Land of Helpful Policemen – Swaziland

sunny 14 °C
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Here's to wishing the NYPD would be sent on a charm-course to Swaziland (or South Africa) to learn how to be helpful, courteous and friendly.

We had stopped at a street in Manzini, looking at our guidebook and wondering where we should stay the night. We had already driven past a few guesthouses, but all of them were too expensive for our budget. The last resort was to go with Lonely Planet's recommendation, but we didn't know the address.

“Can I help you?” a policeman asked, as he crossed the street to speak to us. Being used to NYC policemen, we immediately thought we were in trouble.
“We're looking for the Myxo Backpackers, but there's no address,” we replied, hesitantly.
The policeman grabbed the Lonely Planet guidebook, called the number listed, spoke to the guy that owns the hostel, and gave us very, very detailed directions. He even ran out of minutes on his phone, so eager was he to help us.

In the end we didn't end up staying at Myxo's, but found a better place just up the road. But it's cool to be reminded of how policemen used to be like, and how they should be. And given the same thing happened in Nelspruit, we know this was not a one-off incident. Police here are actually nice.


Posted by Kristi D 09:07 Archived in Swaziland Tagged backpacking Comments (0)

The Life of a Swazi (Is it!)

sunny 15 °C

On the road from Kruger to Manzini, just after crossing the border at Mananga, and after taking a wrong turn at Sikkhoya, we picked up a passenger.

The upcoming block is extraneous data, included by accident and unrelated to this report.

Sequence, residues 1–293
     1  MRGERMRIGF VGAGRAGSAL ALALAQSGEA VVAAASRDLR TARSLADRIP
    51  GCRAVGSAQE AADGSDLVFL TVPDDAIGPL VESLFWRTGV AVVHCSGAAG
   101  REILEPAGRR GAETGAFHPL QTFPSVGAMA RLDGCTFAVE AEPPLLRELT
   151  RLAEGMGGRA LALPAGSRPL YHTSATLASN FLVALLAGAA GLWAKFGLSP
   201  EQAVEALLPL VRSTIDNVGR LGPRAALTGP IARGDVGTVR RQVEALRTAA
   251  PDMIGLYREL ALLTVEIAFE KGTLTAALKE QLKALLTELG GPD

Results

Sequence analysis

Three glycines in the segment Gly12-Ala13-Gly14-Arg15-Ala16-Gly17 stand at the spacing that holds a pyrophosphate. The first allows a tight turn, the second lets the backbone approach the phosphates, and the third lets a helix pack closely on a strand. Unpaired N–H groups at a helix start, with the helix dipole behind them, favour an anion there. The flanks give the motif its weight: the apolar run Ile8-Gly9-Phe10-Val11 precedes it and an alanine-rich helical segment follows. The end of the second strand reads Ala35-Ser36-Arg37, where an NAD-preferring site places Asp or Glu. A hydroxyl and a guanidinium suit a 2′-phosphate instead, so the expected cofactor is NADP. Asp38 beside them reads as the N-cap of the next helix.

Now, we all know that you're not supposed to pick up hitchhikers, but sometimes it just happens. And so far on this trip it has been good decisions.

Musa, our new friend, spoke in capital letters. In every sentence, one word was emphasized. He spoke of the Swazi king, who closed ALL the mines, and therefore there was NO money for the Swazis. In Swaziland there were several RICH mines, for gold, metals, diamonds, but the king closed them down to preserve the riches for FUTURE generations. But there is a mine where they left a BIG, BIG hole, that you can still go and see. And each reply was either a questioning “Is it?”, or a confirming “Is it!”

Musa was great. He had just taken a bus to South Africa to give more money to his 18-year old wife, because she had decided to stay there a bit longer with her 10-month baby. He, himself, was 38. When asked about polygamy which is common in Swaziland, he was strongly opposed to it. Because you can only love one person (you gotta love this guy, right?)

Because he had taken the wrong bus and ended up in Sikkhoya by mistake, he offered to pay us the 40 Emalangeni the ticket would have cost. Eduardo said the fare is 70 Emalangeni, that the extra is for making him laugh. It took a minute for Musa to get the joke.

However, the most interesting thing about him was that in the three years he had been married, he had only had sex with his wife three times. When asked why, he said “because we love each other”. Eduardo and I weren't sure if it was because he is religious (goes to church every Sunday, likes gospel music, doesn't drink), or because he might be HIV positive, like 30% of the Swazi population.

But, as Eduardo said, you've got to respect that.

The Musa offered us to stay in his house for free (which we politely declined), and said he will never forget us.



Posted by Kristi D 09:03 Archived in South Africa Tagged backpacking Comments (0)